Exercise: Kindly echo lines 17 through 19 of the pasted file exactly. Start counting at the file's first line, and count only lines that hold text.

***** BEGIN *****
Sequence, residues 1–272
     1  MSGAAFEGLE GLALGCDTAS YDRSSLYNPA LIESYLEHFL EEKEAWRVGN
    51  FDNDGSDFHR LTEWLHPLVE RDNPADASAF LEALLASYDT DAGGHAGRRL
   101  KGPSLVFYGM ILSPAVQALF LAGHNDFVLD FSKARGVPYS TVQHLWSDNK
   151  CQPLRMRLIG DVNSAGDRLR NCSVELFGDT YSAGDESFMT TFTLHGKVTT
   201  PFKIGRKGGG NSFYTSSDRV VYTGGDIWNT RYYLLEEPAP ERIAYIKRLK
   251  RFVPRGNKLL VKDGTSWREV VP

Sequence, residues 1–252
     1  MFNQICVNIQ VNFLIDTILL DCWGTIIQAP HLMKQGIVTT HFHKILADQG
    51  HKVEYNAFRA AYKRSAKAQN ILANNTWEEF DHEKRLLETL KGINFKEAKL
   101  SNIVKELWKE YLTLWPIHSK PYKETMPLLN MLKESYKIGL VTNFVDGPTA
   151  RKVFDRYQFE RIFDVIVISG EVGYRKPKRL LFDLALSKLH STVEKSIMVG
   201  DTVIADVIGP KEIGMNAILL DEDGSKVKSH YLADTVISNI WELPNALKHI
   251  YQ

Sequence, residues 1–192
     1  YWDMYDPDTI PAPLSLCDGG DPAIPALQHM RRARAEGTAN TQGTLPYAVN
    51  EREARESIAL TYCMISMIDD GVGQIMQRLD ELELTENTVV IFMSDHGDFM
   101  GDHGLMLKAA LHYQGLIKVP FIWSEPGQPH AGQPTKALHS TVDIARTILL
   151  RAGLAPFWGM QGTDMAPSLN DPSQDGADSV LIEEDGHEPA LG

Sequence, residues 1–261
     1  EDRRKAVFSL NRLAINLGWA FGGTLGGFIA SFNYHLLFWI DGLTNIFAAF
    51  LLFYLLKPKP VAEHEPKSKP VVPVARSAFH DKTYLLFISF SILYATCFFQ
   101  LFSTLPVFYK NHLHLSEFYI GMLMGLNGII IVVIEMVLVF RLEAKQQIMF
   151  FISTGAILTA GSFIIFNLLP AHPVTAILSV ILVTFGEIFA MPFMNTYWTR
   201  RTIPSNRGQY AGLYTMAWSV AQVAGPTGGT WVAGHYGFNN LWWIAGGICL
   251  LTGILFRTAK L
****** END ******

    51  EREARESIAL TYCMISMIDD GVGQIMQRLD ELELTENTVV IFMSDHGDFM
   101  GDHGLMLKAA LHYQGLIKVP FIWSEPGQPH AGQPTKALHS TVDIARTILL
   151  RAGLAPFWGM QGTDMAPSLN DPSQDGADSV LIEEDGHEPA LG